Ethanol Blending Current Affairs - 2020

Indian Oil to set up new 2G Ethanol Plant in Panipat

The Indian Oil Corporation recently received environment clearance from Ministry of EFoCC (Environment, Forest and Climate Change), to set up a new 2G Ethanol plant at Panipat. Indian Oil will invest Rs 766 crore in setting up the plant.

Highlights

  • The Ethanol produced in the plant will be exclusively used to blend transportation fuels
  • The project also aims at doubling farmers income

Significance

The Government is trying in every way to reduce the dependence on petroleum products like petrol and diesel. The GoI recently notified that no Environmental Clearance is required for sugar mills to produce more ethanol from sugarcane juice.

Ethanol as Fuel

Ethanol is most often used as motor fuel. It is predominantly used as a biofuel additive for gasoline. Brazil was the first country to produce Ethanol run car (the first ethanol run vehicle in the world) in 1978.

Ethanol in India

India initiated the use of Ethanol as a fuel in 2003. India began its journey with E5 fuel which uses 5% Ethanol and 95% diesel. In 2006, India began its second phase of E10 biofuel which consists of 10% Ethanol and 90% Diesel.

India is yet to launch E15 officially. However, the E15 outlets have grown from 180 in the year 2016 to 394.

Indian Government has set a target of 22.5%. In November, 2019, IOCL, HPCL and BPCL announced that they are investing 586 million USD to achieve the target. Around 7 ethanol producing units will be launched according to the plan.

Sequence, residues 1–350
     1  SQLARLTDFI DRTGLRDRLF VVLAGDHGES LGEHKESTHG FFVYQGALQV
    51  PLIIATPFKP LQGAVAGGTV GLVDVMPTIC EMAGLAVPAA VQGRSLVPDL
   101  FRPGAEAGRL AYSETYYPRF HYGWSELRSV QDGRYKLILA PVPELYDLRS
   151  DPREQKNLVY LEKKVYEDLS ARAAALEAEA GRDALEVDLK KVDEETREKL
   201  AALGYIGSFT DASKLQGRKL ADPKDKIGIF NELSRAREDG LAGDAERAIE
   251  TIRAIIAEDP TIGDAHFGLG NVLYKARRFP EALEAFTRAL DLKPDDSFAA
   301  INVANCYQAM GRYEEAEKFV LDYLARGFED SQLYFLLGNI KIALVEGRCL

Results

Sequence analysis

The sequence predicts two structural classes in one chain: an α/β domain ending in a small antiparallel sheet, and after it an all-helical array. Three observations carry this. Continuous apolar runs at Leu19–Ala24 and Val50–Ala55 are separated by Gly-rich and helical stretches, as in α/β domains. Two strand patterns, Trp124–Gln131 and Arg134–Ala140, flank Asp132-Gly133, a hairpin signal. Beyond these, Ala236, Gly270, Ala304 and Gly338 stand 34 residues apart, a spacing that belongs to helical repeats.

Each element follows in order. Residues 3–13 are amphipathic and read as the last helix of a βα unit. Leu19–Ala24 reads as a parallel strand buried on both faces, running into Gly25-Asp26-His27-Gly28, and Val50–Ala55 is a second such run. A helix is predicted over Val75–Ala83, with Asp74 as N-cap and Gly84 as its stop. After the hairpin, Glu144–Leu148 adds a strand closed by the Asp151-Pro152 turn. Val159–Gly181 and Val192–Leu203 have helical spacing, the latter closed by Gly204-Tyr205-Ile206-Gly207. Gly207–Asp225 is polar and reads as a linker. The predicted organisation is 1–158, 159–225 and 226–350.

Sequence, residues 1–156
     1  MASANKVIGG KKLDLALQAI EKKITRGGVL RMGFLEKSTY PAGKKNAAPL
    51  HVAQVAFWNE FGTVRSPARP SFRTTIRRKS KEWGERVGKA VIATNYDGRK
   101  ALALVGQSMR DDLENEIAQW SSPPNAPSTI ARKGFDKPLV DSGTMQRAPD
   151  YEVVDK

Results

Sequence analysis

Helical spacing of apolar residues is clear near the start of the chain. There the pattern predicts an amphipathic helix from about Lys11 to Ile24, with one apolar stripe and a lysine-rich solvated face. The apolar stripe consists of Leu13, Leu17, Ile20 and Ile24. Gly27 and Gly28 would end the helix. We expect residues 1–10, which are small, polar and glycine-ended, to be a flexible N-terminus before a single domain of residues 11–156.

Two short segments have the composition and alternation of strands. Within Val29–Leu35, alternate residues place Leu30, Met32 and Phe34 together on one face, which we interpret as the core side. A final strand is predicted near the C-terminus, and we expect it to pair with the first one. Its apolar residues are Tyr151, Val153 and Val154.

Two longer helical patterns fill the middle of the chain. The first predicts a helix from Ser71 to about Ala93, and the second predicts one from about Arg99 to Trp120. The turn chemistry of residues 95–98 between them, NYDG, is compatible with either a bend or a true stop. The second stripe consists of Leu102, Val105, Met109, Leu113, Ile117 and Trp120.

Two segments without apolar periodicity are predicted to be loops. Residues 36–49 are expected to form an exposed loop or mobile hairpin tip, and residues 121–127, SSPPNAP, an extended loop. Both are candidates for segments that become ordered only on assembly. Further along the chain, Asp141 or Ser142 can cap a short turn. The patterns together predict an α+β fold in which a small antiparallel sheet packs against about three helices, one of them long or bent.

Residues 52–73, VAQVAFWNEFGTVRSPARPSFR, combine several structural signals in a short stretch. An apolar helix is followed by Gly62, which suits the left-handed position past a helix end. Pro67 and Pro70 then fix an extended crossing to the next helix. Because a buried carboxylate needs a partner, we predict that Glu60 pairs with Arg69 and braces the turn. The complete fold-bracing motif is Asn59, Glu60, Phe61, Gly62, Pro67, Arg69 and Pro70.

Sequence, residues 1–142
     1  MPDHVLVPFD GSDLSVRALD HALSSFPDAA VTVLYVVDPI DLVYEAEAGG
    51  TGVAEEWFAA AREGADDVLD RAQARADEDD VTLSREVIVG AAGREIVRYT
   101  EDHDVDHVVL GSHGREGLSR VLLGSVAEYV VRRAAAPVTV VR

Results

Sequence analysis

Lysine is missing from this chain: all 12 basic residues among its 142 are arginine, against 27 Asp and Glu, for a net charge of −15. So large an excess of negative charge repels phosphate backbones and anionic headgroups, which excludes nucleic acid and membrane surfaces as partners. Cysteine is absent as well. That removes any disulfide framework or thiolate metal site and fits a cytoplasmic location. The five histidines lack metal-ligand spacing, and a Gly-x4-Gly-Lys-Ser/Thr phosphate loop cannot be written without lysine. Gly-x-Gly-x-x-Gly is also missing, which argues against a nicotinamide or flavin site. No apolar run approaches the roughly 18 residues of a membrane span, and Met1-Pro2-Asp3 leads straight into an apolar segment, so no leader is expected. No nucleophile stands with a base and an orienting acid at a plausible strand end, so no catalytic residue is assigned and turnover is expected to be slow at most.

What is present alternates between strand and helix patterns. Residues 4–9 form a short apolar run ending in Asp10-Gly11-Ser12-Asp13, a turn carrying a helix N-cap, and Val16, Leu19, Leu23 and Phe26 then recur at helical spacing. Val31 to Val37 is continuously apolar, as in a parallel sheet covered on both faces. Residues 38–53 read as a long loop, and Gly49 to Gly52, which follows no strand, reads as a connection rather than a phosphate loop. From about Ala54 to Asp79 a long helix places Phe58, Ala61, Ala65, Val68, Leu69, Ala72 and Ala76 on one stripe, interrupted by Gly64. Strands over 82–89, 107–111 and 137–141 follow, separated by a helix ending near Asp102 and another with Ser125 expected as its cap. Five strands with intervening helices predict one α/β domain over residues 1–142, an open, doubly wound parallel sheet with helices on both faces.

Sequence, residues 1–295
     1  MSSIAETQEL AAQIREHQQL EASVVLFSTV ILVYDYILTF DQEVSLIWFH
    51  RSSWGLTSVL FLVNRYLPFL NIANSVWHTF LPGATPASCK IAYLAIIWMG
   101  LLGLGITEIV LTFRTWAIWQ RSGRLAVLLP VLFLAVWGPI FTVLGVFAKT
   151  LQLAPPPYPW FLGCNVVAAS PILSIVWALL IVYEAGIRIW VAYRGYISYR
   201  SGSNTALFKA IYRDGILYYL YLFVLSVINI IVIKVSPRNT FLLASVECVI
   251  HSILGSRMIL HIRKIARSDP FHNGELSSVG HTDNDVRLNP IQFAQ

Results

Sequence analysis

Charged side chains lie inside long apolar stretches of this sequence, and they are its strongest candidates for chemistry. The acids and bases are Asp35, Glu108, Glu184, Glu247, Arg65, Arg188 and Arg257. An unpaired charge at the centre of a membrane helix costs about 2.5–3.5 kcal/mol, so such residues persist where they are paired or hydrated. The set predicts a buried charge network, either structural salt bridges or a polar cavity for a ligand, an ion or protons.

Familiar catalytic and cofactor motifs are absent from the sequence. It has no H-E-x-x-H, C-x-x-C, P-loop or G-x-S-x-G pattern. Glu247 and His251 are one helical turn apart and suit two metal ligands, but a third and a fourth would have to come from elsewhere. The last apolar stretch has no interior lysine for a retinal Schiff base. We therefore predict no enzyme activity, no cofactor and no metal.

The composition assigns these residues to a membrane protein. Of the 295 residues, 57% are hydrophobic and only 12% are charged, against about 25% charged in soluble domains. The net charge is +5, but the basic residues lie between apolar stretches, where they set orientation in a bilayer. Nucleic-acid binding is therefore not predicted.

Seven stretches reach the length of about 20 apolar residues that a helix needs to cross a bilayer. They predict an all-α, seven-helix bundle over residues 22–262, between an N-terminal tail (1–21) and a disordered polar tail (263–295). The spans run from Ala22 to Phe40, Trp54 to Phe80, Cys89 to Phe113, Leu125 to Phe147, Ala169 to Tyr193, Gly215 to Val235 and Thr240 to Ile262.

While other countries have entered E100, India is just putting its baby steps towards biofuel. However, the potential is huge. According to IEA (International Energy Agency), around 25% of world energy demand will come via India in 2040.

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Government notifies ethanol-making directly from sugarcane juice, B-molasses

Union Food Ministry has notified decision to allow sugar mills to manufacture ethanol directly from sugarcane juice or an intermediate product called B-molasses. In this regard, Sugarcane Control Order, 1966 has been amended. The move would help mills divert cane juice for ethanol manufacturing during surplus years.

Key Facts

Now in case of production of ethanol directly from sugarcane juice or B-molasses, the recovery rate of sugarcane factory will be determined by considering every 600 liters so produced as equivalent to one tonne of production of sugar. Earlier, sugar mills were allowed to manufacture ethanol from by-product called C-molasses, after sugar was taken out while processing raw sugarcane juice. Molasses is also used for manufacturing spirit and alcohol among other products.

Background

Sugar mills are incurring losses as prices of sugar have fallen below production cost on account of record output of 32 million tonnes (mt) in 2017-18 season as against annual domestic demand of 25 mt. The production of ethanol directly from sugarcane juice or B-molasses will help to divert this overproduction. Sugar mills are expecting revenue realisation of over Rs 5,000 crore from sale of ethanol to OMCs during the 2017-18 sugar season (October-September). OMCs procure ethanol from sugar mills for blending with petrol. It has mandated blending of up to 10% ethanol in petrol but inadequate availability has restricted this to under 4%. Higher price for ethanol will incentivise higher ethanol production.

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